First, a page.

04. Salvia (Salvia spp.) Tall spikes of small, delicate flowers make salvia a great plant for the backs or centers of flowerbeds. The Salvia genus within the mint family is a very large one with several annual and perennial species, but the common salvias grown as garden perennials are usually cultivars of Salvia nemarosa or Salvia greggii. Perennial salvia flowers emerge in mid-summer and bloom through late summer. They will bloom repeatedly if kept moist. This clump-forming plant grows 18 to 36 inches tall, requires no division, and steadily increases in size over time. It is a very easy plant to grow. USDA Growing Zones: 4 to 11 Color Varieties: Mauve, pink, purple, blue Sun Exposure: Full sun Soil Needs: Dry to medium-moisture, well-drained soil
05. Bleeding Heart (Lamprocapnos spectabilis) A stunning perennial plant with attractive foliage and dangling, heart-shaped blooms in white or pink, bleeding hearts perform best in cooler climates and thrive best in lightly shaded locations. It grows 24 to 36 inches tall and can be divided for transplanting as it grows larger. Foliage may turn yellow and dies back in the heat of summer, but the plants reliably return each spring. This plant likes moist soil, but it must also be well-drained to prevent root rot. USDA Growing Zones: 2 to 9 Color Varieties: Pink, white Sun Exposure: Part shade to full shade Soil Needs: Rich, moist, well-drained soil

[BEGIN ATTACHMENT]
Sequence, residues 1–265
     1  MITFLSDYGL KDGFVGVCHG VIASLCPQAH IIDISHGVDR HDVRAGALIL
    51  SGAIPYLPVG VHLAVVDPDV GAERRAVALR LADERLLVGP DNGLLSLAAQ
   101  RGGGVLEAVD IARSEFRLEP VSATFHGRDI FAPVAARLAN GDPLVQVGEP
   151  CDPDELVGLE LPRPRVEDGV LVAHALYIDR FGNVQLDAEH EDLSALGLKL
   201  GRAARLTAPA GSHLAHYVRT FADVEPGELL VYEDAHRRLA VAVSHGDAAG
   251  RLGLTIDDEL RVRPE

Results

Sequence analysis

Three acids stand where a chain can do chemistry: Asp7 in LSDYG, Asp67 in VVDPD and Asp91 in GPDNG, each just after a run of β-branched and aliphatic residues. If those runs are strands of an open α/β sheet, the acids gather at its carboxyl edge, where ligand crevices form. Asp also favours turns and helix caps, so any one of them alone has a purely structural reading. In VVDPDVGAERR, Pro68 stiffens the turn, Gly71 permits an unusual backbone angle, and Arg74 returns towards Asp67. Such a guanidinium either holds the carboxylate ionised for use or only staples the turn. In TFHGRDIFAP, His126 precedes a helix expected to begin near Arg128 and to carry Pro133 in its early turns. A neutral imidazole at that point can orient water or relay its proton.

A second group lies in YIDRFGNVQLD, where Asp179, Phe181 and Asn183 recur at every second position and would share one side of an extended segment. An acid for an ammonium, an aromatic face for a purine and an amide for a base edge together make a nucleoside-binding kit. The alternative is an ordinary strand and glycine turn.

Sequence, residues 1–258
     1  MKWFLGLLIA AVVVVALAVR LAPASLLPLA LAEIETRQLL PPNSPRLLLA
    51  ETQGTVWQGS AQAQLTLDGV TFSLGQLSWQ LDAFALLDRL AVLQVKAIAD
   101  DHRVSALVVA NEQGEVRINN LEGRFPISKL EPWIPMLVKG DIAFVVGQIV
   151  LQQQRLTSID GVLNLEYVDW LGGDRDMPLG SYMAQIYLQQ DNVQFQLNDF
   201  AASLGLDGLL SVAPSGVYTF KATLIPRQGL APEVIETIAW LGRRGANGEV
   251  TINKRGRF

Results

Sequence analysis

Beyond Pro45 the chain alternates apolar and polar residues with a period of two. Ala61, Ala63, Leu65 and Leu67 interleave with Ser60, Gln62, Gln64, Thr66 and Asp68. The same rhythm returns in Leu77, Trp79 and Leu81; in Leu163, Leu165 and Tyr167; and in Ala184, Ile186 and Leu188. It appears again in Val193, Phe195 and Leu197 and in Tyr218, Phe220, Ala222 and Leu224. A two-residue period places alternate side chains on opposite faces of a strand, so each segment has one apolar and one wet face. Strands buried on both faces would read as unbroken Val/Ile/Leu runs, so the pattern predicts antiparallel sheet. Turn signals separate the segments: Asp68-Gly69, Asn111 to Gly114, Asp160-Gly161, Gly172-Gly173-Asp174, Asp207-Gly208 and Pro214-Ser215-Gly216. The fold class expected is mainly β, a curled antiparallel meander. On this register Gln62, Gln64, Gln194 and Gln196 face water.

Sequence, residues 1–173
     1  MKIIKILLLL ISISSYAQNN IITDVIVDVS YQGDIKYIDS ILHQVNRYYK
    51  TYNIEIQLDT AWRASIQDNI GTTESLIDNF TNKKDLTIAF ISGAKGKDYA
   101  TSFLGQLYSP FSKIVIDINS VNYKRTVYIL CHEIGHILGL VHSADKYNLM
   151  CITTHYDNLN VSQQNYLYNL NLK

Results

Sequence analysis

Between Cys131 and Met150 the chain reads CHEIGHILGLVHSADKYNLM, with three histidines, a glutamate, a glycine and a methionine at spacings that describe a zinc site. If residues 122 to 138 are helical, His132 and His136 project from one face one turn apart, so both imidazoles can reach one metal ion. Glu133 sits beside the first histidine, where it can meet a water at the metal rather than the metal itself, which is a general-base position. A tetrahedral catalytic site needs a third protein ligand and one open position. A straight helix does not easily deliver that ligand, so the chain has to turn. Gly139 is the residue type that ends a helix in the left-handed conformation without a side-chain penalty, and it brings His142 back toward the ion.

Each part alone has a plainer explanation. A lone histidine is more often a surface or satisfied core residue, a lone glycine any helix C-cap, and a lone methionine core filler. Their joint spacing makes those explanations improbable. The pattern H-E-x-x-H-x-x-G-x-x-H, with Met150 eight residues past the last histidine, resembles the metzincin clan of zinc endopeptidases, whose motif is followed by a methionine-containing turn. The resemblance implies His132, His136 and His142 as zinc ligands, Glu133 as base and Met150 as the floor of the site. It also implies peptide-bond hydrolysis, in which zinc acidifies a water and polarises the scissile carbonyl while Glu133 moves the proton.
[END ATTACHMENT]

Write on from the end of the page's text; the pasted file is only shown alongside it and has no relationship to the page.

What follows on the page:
06. Butterfly Bush (Buddleia davidii) True to its name this deciduous flowering shrub is as good for attracting butterflies as it is for attracting hummingbirds. The thick, elongated clusters of flowers will bloom repeatedly from mid-summer through fall. This is a drought-tolerant plant that thrives in full sun and develops into a thick, luxurious shrub over time, attracting more hummingbirds and providing great shelter for different types of birds. Caution: Buddleia davidii is regarded as an invasive plant in some regions, so check with local authorities before planting it. The cultivars are somewhat smaller and more well-behaved than the species. USDA Growing Zones: 5 to 10 Color Varieties: Pink, purple, blue Sun Exposure: Full sun Soil Needs: Medium-moisture, well-drained soil; tolerates drought conditions
07. Trumpet Creeper (Campsis radicans) Also called trumpet vine or hummingbird vine, this plant can quickly overpower a small area and will climb on many surfaces, including arbors, fences, and trees. It has dense foliage and its long, tubular flowers are perfect for hummingbirds. It thrives best in full sun to partial shade, but beware of its invasive properties and aggressive growth. Frequent pruning is necessary to keep this plant from overwhelming a garden or escaping into surrounding areas. USDA Growing Zones: 4 to 10 Color Varieties: Orange, red, yellow Sun Exposure: Full sun to part shade Soil Needs: Average, well-drained soil